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Opting Out


Today our relief society lesson will be about a talk by Elder Christofferson titled "Why the Covenant Path" I haven't had the lesson yet, since my meetings don't start until 2 pm, but I did read the talk ahead of time and there is one item that caught my attention. It is a related topic to the one I wrote about a couple of weeks ago in my Cafeteria Plan of Happiness.


Elder C talks about the benefits of remaining on the covenant path for members of my church. That means keeping the covenants made at baptism to mourn with those that mourn and to become more like Jesus Christ. And I agree that there are many benefits, including the ones discussed in the talk.


He also talks about unforced errors in a tennis match, and likens those errors to our various departures from our covenants. "Too often" he says" our problems or challenges are self-inflicted, the result of poor choices."




I believe this is true, and there is definitely value in examining the blessings we received in our own lives by living according to our faith. It helps us evaluate our own progression and renew our commitment to improve and develop our character. But I also think it can lead us to a flawed thought process that can hurt both ourselves and our neighbors as we walk our own unique pathways.


I think it can diminish the capacity for compassion when we see someone struggling, even when that someone is ourselves.


Living the gospel does help me avoid certain daily struggles. If I never consume alcohol, I am unlikely to face the struggles of alcoholism, for example. However, it can lead me to feel a tiny bit self-righteous about someone else who does struggle with alcoholism. After all, that person could have opted out of that problem by avoiding alcohol too.


For another example, let's say there were a disease ravaging the entire planet, and that the governments of the world and pharmaceutical scientists from around the globe worked together to create a life-saving vaccine in record time. Now, before the vaccine existed, everyone was equally susceptible to contracting the disease and it was easy to be compassionate towards those who became ill. But, once everyone has had an opportunity to have that vaccine, it becomes more difficult to want to modify behavior to avoid spreading it.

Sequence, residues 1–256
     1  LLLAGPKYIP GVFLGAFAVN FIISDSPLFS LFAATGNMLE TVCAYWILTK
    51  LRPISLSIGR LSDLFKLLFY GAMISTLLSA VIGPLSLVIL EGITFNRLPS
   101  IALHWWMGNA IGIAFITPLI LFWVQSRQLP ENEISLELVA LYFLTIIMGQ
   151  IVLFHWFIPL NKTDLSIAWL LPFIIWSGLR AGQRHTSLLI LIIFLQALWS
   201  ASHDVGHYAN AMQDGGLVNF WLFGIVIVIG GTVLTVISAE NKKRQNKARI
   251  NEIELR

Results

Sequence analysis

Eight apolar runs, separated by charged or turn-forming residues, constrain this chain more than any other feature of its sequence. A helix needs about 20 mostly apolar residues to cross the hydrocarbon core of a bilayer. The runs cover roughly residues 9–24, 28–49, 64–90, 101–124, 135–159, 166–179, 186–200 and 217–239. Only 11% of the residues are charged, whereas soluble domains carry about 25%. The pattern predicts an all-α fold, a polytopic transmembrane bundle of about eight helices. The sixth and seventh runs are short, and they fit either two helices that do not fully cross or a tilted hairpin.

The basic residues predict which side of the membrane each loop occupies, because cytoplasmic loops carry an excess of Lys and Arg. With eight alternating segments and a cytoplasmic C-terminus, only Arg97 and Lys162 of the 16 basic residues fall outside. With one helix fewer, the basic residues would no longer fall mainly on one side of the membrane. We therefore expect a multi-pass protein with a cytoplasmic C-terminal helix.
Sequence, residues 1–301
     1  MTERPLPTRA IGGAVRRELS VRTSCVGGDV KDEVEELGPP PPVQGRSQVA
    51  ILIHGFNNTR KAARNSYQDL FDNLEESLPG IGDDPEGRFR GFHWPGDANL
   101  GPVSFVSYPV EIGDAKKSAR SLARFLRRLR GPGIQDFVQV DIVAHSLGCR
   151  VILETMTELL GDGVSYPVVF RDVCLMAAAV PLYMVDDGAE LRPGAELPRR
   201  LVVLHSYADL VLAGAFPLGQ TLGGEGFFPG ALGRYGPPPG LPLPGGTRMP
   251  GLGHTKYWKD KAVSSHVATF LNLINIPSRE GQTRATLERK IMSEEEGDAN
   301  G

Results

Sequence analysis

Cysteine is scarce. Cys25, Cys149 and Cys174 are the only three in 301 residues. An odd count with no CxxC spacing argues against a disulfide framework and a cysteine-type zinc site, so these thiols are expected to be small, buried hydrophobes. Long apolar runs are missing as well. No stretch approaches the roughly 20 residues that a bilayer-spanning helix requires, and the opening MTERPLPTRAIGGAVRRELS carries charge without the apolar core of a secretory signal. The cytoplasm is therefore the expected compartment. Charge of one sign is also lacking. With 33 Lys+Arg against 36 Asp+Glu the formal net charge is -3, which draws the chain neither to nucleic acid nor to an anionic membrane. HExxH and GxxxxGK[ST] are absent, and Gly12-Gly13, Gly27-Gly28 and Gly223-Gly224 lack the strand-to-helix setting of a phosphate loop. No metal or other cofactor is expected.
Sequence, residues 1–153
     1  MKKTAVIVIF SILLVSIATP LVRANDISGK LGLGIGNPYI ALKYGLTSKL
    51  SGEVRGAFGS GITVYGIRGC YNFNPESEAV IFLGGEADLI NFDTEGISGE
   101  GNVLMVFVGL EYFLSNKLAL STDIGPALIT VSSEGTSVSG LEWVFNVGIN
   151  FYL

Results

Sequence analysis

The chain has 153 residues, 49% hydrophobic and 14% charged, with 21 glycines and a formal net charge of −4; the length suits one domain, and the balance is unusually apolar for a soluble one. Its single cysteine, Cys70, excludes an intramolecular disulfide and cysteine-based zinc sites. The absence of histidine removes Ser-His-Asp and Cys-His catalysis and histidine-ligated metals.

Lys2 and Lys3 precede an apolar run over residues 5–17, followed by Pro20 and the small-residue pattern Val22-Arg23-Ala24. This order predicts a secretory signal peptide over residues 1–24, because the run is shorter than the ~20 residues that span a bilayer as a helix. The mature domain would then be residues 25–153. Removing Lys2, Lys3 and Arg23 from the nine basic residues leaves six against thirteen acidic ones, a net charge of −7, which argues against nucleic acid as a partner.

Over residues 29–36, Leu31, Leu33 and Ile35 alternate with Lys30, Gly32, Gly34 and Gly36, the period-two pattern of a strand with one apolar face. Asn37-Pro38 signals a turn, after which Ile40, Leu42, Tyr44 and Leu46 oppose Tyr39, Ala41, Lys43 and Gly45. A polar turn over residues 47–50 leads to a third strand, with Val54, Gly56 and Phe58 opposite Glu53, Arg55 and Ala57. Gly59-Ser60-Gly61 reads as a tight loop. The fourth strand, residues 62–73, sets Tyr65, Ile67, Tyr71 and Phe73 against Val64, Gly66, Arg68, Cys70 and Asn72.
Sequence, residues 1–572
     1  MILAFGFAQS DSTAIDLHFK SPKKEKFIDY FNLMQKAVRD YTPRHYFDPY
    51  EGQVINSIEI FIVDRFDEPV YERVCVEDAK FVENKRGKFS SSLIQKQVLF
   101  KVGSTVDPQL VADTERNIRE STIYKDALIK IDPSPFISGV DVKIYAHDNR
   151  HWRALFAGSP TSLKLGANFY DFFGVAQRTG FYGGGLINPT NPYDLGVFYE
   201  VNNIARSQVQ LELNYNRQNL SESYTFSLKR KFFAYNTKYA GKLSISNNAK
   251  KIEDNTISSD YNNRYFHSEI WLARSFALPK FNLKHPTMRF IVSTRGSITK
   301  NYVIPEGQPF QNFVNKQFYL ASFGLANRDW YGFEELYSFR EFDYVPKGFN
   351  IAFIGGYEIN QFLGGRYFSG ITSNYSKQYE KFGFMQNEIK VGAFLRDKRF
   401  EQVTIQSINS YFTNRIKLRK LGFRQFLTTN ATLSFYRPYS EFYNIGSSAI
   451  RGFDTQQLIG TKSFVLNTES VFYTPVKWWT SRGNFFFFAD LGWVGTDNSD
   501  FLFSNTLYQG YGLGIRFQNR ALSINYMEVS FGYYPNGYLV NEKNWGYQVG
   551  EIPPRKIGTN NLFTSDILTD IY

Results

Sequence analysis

Not that anyone would ever do this, but if there were a misguided segment of the population who exercised their personal freedom, well within their rights, to opt out of the vaccination, and then those people became sick, it would be similar to one of those unforced errors. The illness would be a consequence of their own personal choices. Am I required to be compassionate towards those people? Is our society required to care for them? While the answer to those two questions is clearly Yes, it is easy to see why it might be more difficult to exercise that compassion when we see the problem as self-inflicted.


So, if I pay my tithing and magically have enough money to pay my bills every month, I might be inclined to assume that that is the natural result of paying tithing. When I see a ward member struggling with finances, I might suggest to her to pay her tithing, because my experience has been that paying tithing solves financial struggles. However, that sister who has been sacrificing to pay her tithing every week would not appreciate that advice as much as I expected.